It has been said by the elementary writers,* that the statute of 13 Eliz. does not extend to voluntary settle

Validity is never given in England to a settlement, where the party was largely indebted at the time, and subsequent creditors have applied for relief. If the deed be set aside as fraudulent against creditors, subsequent creditors are let in. Richardson v. Smallwood, 1 Jacob's Rep. 552. Mr. Justice Story, in his Commentariss on Equity Jurisprudence, p. 351, draws the conclusion as to the opinion of tho master of the rolls in the case last cited, that indebtedness at the time was a circumstance presumptive of a frandulent intent. This learned commentator has examined the authorities on the question, (Com. p. 343—360,) very critically, and he comes to the conclusion, that the doctrine in the case of Reade v. Livingston is strictissimi juris; and he evidently settles down upon the conclusion under the statute of 13 Eliz., that mere indebtedness at the time would not per se establish, that a voluntary conveyance was void, even as to existing creditors, unless the other circumstances of the case justly created a presumption of fraud, actual or constructiee, from the condition, state and rank of the parties, and the direct tendency of the coneeyance to impair the rights of creditors. I have no doubt that this is the tendency of the decisions both in England and America, and that the conclusions of fraud are to be left as matters of fact to a common jury. The doctrine in Reade v. Livingston, and of those English chancellors on whom it rested, is as I greatly fear, too stern for the present times. If the creditor's claim, at the time of the voluntary conveyance, rested in unliquidated damages for a tort, which had not been then ascertained, and made certain by a judgment, yet he is entitled to the benefit of his character as a creditor, as against the conveyance. Fox v. Hills, 1 Conn. Rep. 295. Jackson v. Myers, 18 Johns. Rep. 425. In Van Wyck v. Seward, in the court of errors of New-York, in 1837, (18 Wendell, 392. 405,) the free, sound and elevated reflections of Mr. Justice Bronson, on the doctrine in Reade v. Livingston, and in Jackson v. Seward, 5 Cowen, 67, which followed it, are delivered with elegance and strength. He thinks that the presumption of a fraudulent intent may be and ought to be in cases of that kind, an inference of law, and he does not construe the case in 8 Cowen, 406, as contradicting that principle, but concludes that the court had not advanced a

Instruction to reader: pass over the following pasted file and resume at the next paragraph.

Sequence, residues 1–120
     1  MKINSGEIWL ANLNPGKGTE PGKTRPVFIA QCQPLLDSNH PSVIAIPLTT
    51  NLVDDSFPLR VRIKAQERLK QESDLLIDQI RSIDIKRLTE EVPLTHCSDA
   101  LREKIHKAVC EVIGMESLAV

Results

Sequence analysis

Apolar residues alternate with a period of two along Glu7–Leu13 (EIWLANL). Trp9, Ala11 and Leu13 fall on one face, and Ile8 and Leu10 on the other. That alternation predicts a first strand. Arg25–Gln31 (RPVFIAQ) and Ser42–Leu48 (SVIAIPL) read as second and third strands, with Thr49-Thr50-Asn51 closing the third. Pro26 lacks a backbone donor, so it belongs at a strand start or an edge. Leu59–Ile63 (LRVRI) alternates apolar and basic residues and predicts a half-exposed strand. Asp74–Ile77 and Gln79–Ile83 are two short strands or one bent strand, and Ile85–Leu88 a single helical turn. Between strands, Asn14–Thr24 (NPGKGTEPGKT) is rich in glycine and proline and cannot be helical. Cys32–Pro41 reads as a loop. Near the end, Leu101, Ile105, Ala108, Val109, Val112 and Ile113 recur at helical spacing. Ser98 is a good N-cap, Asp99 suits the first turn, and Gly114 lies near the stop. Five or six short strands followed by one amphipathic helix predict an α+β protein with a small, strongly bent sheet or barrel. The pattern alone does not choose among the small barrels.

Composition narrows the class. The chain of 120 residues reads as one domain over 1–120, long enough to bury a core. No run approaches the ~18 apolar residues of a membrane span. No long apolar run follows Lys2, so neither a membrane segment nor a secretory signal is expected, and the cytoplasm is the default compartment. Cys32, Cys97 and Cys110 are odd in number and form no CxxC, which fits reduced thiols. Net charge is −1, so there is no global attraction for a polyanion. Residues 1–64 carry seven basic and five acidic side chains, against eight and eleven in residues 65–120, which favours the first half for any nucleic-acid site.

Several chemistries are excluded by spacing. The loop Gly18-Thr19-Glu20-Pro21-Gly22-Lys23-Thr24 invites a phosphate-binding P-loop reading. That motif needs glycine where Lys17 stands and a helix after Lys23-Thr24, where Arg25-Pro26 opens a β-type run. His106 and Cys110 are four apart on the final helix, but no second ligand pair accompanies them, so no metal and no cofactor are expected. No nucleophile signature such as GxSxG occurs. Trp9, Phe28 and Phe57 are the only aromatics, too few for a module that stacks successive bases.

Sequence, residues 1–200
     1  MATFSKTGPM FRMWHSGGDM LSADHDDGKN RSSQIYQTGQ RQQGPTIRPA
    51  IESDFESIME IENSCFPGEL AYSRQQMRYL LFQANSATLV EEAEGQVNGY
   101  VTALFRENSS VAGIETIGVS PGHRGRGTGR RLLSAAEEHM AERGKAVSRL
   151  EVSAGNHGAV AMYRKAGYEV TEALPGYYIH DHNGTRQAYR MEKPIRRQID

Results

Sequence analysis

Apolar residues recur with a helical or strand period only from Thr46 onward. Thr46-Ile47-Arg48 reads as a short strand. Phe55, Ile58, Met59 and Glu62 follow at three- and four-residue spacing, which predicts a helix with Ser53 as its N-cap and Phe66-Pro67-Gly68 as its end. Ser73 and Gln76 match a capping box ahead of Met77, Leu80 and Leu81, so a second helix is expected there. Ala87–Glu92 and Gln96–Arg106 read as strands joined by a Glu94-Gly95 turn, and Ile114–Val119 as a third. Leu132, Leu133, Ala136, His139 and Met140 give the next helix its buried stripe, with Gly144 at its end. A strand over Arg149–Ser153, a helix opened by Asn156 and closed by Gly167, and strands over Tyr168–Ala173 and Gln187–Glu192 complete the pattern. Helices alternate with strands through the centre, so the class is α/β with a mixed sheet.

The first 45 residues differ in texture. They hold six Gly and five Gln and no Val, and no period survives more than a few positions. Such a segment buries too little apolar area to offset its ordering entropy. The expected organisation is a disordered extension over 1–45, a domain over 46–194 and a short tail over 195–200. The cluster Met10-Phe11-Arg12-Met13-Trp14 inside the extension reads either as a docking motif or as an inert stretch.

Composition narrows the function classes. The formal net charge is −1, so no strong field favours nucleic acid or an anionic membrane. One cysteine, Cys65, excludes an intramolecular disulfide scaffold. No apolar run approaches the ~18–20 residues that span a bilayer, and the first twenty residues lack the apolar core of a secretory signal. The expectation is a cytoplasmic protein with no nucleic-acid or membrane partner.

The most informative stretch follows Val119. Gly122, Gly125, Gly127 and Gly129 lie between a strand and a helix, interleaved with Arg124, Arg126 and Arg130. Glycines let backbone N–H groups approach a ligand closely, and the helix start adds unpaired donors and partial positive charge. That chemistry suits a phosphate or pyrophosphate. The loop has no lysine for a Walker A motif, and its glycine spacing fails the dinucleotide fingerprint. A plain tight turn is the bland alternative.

» Atherley on Marriage Settlements, 220. 1 Roberts on Fraudulent Coneeyances, 421, 422. Mr. Justice Story, in his Comm. on Equity Jurisprudence, 361, says, that the English doctrine has at length settled down in favour of the proposition, that in order to make a voluntary conveyance void as to creditors, either existing or subsequent, it is indispensable that it should transfer property which would be liable to be taken in execution for the payment of debts.